Investigative Journalism in Ghana: what role can and should it have in our media houses, as part of our media communications industry, and within society? How important is it as a communications tool within our society for uncovering pertinent issues? What kind of impact has Ghana’s Anas Aremeyaw Anas had on these issues and questions?
These are some of the questions being explored and discussed at Esther Armah’s EAA Media Productions annual media summit on Thursday from 5.30 pm to 8 pm at Webster University Ghana campus in East Legon.
The release of No. 12 ignited a firestorm of praise and critique about investigative journalism in Ghana. The loudest critique is that what Anas does with undercover reporting cannot be classified as ‘journalism’. Others are of the view that Anas’ work is a service to society and should be commended.
This annual media summit is specifically designed for the media to explore its industry, how it functions, where it fails and how it can and must strengthen for its future. With that vision, this year’s theme interrogates Investigative Journalism in Ghana and its future.
We combine the rigour of the Academy in exploring the issue with the practical challenges of working newsrooms as we explore the direction of investigative journalism.
We explore what it is not; what it can be and why we must reimagine investigative journalism’s place in our world of working media and academic media communications.
Money, mission, motion and mayhem – these areas were the source of heated debate with contradictory views. Money – who pays for such investigations? Mission – what is the intention with investigative journalism? Mayhem – how do the results impact Ghana’s power structures?
This year’s #reimagineGH2018 is with Webster University Ghana Campus, where Esther Armah is Adjunct Faculty of Media Communications. This is the 3rd year that Webster Ghana has been the site of Armah’s #reImagineGH: Stories and Standards media summit.
Christa Sanders, Webster University Campus Director said, “We believe that the practice of investigative journalism is more relevant than ever before and so Webster University Ghana is honoured to host Anas Aremeyaw Anas and Esther Armah as we explore this topic. One of Webster University's most popular majors is Media Communications and classes are geared towards equipping our students with the necessary skills to effectively design and execute their own journalistic investigations.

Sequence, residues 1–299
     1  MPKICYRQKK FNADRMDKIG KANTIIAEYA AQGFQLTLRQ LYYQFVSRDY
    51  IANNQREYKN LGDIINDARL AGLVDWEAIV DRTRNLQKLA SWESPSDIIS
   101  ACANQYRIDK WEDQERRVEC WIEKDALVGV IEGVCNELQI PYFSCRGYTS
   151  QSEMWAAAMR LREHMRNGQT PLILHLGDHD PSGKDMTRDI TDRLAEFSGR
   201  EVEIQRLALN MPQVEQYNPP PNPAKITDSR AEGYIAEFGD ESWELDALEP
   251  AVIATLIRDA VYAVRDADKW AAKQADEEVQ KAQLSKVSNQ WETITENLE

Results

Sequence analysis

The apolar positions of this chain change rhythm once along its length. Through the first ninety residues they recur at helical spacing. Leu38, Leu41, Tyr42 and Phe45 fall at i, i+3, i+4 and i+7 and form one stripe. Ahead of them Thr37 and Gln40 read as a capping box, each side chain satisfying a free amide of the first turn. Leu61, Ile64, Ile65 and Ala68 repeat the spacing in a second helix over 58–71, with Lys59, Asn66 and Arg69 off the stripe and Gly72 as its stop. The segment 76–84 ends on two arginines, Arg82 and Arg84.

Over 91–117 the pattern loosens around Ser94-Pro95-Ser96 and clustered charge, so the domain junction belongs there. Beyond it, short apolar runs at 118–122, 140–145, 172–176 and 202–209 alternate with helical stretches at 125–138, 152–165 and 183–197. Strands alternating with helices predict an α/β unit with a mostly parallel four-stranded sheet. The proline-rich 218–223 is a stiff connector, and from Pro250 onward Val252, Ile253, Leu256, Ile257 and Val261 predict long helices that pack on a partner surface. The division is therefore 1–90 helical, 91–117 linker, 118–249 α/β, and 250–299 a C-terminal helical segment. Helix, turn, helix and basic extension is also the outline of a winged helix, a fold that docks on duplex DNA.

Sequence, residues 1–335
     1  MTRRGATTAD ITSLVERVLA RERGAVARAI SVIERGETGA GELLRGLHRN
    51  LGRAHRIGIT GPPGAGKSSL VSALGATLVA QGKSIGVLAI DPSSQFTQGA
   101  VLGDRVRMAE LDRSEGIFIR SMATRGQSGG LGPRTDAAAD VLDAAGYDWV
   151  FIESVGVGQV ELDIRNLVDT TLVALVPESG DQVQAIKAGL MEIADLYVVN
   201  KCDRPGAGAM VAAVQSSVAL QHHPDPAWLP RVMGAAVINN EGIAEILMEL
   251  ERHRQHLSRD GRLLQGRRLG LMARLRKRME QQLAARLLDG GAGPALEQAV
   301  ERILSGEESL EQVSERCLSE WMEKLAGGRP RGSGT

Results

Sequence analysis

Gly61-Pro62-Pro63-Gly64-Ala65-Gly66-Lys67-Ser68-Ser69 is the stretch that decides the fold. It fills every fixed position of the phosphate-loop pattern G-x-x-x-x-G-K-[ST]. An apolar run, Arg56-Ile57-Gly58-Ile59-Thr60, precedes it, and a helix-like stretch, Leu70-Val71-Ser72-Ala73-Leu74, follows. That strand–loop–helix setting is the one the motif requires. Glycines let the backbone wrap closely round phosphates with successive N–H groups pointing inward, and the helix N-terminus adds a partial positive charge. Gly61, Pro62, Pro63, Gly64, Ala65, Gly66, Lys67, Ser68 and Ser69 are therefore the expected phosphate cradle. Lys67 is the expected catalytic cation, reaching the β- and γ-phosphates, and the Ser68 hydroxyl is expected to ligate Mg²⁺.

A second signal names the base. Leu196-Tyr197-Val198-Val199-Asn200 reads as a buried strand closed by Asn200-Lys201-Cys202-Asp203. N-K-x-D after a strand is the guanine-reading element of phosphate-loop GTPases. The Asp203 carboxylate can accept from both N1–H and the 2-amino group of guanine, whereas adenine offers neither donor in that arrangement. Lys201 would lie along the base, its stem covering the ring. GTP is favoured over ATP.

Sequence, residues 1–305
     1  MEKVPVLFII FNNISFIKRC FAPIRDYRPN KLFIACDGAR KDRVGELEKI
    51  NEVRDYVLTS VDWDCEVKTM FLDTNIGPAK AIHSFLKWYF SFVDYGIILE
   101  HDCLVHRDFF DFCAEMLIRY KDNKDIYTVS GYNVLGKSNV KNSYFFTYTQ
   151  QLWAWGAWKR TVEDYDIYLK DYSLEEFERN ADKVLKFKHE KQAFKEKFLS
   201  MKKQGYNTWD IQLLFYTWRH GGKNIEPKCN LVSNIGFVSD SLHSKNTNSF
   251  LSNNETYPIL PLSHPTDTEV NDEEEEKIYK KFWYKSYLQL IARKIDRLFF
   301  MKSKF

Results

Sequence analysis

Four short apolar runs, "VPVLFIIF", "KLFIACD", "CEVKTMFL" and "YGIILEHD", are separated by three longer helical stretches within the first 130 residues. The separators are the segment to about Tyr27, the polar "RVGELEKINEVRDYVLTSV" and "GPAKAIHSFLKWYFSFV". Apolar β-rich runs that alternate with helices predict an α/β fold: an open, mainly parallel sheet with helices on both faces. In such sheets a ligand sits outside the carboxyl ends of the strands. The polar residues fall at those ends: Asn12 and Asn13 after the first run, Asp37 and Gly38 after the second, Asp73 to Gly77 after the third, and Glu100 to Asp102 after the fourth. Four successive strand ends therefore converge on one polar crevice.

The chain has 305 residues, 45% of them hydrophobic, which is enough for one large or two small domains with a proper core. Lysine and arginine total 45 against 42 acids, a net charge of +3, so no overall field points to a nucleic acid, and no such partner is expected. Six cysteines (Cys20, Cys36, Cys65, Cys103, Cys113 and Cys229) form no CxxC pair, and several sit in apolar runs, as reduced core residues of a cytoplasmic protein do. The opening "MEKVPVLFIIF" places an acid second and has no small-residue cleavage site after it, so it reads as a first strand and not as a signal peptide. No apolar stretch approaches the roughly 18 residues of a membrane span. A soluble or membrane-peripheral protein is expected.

Therefore, hosting such a program is fully in line with our curricular offerings and furthermore, provides a unique opportunity to debate investigative journalism with one of the most renowned investigative journalists of our time. It is our hope that the program will afford the public an opportunity to “look behind the mask” and understand how investigative journalism is an effective communications tool”.
This year’s summit is also in partnership with AWMA (Alliance of Women in Media Africa). AWMA’s Convener and Founder, Shamima Muslim Alhassan says: – “There are so many issues affecting women today that get swept under the carpet with the refrain ‘where is the evidence?’
These issues are within politics, the economy and media too. No-one will uncover and tell these stories for us unless we get interested today. We hope this session will excite and challenge more women to take up investigative journalism. Investigative journalism should not be left to men alone.”
The Summit’s audience is Ghana’s Media industry; from media houses and newsrooms to the Academy. The Summit invites and welcomes Journalists from online, radio, television and print; Editors; Media Owners; Media Communications faculty and students; Media watchdog organizations, as well as civil society organizations, focused on challenging issues such as corruption, sexual violence and inequality.
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